The Microphones Journey Through the Past, Present and Future on New Album
Phil Elverum revisits his old project and invites us to take a closer look at the myths we tell about ourselvesMusic Reviews The Microphones
About 80 miles north of Seattle, the small city of Anacortes sits perched on the edge of the Puget Sound. Most Pacific Northwesterners only really travel up to take the ferry to the San Juan Islands—former hidden gems which now attract flocks of tourists and even Oprah herself—but to view Anacortes as a glorified ferry dock would do the town a disservice. Besides its natural beauty, folk singer Karl Blau, musician Bret Lunsford of Beat Happening and Phil Elverum of the Microphones have all called it home. Elverum even drew inspiration from the local peak Mount Erie when naming his post-Microphones project (adding an extra “e” in there for good measure).
The last recording released under the Microphones’ name was 2003’s Mount Eerie, a precursor to Elverum’s creative shift. The notion that the Microphones disbanded is something of a misconception, because even though he collaborated with other musicians on the project throughout the years, the Microphones name is really synonymous with Elverum himself. Since assuming the Mount Eerie persona, he’s proven incredibly prolific, releasing 10 studio albums under his new name between 2005 and 2019. Elverum slipped back into the Microphones for a performance last summer, and when the stirrings around this choice picked up, he began toying with “what it even means to step back into an old mode.” The result is Microphones in 2020, the sprawling, one-track album lasting nearly 45 minutes.
Over the course of the record, Elverum rewrites his own personal narrative while also leading us on an existential journey. Examining his past isn’t strictly an act of nostalgia (“Self commemoration would be embarrassing. I don’t want to go backwards ever,” he wrote in an essay on the album), but more an exploration of how our relationship with our own personal history is unstable and ever-changing. “I remember my life as if it’s just some / dreams that I don’t trust, burning off, layered thick,” he sings dolefully about eight minutes into the song. Elverum recounts adopting the Microphones moniker as a 17-year-old in 1995—“I loved recording and the equipment seemed to be living and it sang to me like / static interference from the small AM radio station down the street”—and his subsequent journey as an artist, always trying to capture “the true state of all things” through drums or reverb-drenched guitar.
And what is this true state? Elverum describes it as a waterfall (“It’s just chaos heaving”), a continuous uncertainty with no fixed end. His cyclical lyrics both express and reflect this idea; “distorted bass, spliced tape, singing lines like ‘there’s no end,’ ” he sings near the beginning of the song. The last lines of the song repeat the notion: “Anyway every song I’ve ever sung / is about the same thing: standing on the ground looking around, basically. / If there have to be words, they could just be / ‘now only’ and / ‘there’s no end’.” Because of our constantly evolving existence, much like our always-mutating connection with the past, one of the most powerful and life-affirming things we can do is simply to experience the present fully.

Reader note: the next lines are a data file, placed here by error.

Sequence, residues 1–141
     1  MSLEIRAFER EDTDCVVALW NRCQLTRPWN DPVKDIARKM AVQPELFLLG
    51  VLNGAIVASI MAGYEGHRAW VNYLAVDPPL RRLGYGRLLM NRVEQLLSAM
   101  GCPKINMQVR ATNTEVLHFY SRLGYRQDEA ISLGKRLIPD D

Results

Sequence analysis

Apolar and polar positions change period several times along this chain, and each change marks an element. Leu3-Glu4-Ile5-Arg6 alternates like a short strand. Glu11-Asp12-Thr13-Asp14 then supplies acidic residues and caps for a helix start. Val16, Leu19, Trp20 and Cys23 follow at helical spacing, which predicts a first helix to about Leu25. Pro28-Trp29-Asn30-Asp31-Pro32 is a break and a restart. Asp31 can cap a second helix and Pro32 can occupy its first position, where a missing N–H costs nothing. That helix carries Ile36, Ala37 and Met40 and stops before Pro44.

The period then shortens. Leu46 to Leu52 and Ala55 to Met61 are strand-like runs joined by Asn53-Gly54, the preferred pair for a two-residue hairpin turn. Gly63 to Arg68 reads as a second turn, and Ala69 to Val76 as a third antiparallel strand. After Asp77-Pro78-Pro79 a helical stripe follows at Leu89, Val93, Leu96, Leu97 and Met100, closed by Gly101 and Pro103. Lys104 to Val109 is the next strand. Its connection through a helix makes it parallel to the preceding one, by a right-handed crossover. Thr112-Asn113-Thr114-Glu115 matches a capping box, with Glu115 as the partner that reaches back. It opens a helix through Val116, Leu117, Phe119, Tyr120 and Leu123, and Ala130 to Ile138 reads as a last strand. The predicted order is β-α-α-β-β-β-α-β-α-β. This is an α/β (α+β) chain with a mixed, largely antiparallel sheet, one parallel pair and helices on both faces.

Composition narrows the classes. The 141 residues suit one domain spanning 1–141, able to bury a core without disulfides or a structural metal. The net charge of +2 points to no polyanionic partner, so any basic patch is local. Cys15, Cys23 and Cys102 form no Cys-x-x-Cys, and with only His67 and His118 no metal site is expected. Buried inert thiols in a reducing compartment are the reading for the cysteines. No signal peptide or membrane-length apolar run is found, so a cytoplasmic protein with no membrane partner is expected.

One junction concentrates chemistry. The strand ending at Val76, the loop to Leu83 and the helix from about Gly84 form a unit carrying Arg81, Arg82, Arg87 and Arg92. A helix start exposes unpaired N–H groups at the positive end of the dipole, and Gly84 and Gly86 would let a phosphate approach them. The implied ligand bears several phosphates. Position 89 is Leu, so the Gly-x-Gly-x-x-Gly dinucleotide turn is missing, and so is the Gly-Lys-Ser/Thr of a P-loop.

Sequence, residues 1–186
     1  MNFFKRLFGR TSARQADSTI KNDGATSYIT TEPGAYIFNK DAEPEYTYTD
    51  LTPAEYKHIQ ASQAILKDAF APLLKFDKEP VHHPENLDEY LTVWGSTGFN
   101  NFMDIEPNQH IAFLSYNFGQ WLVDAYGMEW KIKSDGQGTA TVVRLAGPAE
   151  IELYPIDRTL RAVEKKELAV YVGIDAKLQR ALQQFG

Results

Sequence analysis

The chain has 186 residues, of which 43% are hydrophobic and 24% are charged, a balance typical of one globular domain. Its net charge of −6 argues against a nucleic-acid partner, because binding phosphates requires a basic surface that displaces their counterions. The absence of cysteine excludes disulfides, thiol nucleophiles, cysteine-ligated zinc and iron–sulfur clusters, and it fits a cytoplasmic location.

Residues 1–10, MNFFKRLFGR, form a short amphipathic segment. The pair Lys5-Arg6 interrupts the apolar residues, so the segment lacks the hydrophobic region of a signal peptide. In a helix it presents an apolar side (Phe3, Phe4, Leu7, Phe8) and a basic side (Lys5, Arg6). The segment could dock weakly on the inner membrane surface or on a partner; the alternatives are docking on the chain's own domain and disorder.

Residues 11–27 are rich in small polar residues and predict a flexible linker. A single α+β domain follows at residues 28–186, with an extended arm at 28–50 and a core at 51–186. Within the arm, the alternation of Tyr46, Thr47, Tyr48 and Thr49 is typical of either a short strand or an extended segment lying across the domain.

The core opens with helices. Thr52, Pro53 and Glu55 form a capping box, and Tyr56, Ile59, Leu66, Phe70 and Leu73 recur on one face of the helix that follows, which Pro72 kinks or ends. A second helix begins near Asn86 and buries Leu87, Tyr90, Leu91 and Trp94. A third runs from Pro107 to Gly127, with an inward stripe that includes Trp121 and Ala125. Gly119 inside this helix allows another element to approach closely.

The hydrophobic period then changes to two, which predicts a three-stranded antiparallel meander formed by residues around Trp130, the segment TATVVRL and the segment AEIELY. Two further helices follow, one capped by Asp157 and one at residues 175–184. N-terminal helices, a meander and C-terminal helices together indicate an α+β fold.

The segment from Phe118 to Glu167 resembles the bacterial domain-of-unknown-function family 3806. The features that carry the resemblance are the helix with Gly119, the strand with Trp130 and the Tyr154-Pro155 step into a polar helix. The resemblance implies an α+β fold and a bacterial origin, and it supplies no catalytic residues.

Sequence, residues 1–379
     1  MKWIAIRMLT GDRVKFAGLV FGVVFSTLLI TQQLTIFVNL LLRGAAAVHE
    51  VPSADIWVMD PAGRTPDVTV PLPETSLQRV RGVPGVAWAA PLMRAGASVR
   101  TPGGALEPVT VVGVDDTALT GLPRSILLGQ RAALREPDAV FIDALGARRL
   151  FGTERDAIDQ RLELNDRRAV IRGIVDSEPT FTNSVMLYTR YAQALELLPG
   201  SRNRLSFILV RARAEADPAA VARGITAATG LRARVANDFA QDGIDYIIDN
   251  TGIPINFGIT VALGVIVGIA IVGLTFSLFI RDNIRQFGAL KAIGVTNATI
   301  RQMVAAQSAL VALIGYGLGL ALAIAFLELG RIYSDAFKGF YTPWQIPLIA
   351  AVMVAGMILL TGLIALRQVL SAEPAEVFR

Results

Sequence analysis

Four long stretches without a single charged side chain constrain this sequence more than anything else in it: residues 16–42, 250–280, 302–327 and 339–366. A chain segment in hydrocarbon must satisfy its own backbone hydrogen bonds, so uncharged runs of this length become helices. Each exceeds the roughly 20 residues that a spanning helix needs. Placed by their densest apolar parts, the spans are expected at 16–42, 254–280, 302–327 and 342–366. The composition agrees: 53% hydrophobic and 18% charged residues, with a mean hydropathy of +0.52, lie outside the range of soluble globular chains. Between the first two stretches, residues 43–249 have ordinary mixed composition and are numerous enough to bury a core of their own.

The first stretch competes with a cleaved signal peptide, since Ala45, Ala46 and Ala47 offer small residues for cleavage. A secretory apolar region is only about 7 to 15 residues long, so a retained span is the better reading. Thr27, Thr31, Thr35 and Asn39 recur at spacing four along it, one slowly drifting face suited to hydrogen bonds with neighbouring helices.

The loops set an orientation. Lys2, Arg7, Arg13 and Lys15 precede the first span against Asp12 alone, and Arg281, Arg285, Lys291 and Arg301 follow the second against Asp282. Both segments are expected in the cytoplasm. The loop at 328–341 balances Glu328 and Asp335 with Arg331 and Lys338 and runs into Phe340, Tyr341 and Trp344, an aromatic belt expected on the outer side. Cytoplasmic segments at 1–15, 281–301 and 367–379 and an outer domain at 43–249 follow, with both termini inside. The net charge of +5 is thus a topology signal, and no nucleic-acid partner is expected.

Microphones in 2020 contains some of the year’s best, most reflective and probing lyrics. Elverum’s mastery of language is impressive thanks to his ability to capture an intangible, fleeting feeling without coming across as pretentious or out of reach. It’s honestly worth sitting down and reading the lyrics along with the song, consuming the words as poetry. His descriptions of nature are some of the most soul-stirring moments of the album, which isn’t surprising considering his lifelong sense of unity with the flora and fauna around him. “I started making my own embarrassing early tries at this / thing that sings at night above the house, branches in the wind bending / wordlessly, I wanted to capture it on tape,” he says of his early musical intentions.
Speaking of which, Elverum’s careful instrumentation provides the album with a beautiful sense of symmetry. He begins the album strumming wordlessly for nearly eight minutes on his first-ever guitar, evoking a moody, gray Pacific Northwest day. Throughout different points on the album he brings in distorted guitar, insistent percussion and vocal harmonies at precisely the right moments. The drums build as he tells the story of a certain clarity he had after watching Crouching Tiger, Hidden Dragon, the sharper direction of the sound reflecting his own heightened sense of personal purpose. And then, as Elverum describes the atmosphere of peace permeating the film, the percussion falls away, allowing his voice and acoustic guitar to guide the way once more. There are more instances like this: Heavy distortion when he mentions a life-changing Stereolab concert, percussion picking up as he discusses playing the drums on tour in Italy—the list goes on. These decisions give more meaning to the lyrics themselves, and in making these choices Elverum reiterates the idea that in life, we assign meaning ourselves as we see fit.
Elverum’s work proves as expansive as ever. An engrossing one-track album is no easy feat, but he draws us in with expertly rich, layered lyricism and immersive production. In exploring the myths he’s told about his own past, Elverum invites us to ponder our own existence as well.
Clare Martin is a cemetery enthusiast, hibernophile and contributing writer for Paste’s music and comedy sections. She also exercises her love for reality TV at HelloGiggles every now and then. Go harass her on Twitter @theclaremartin.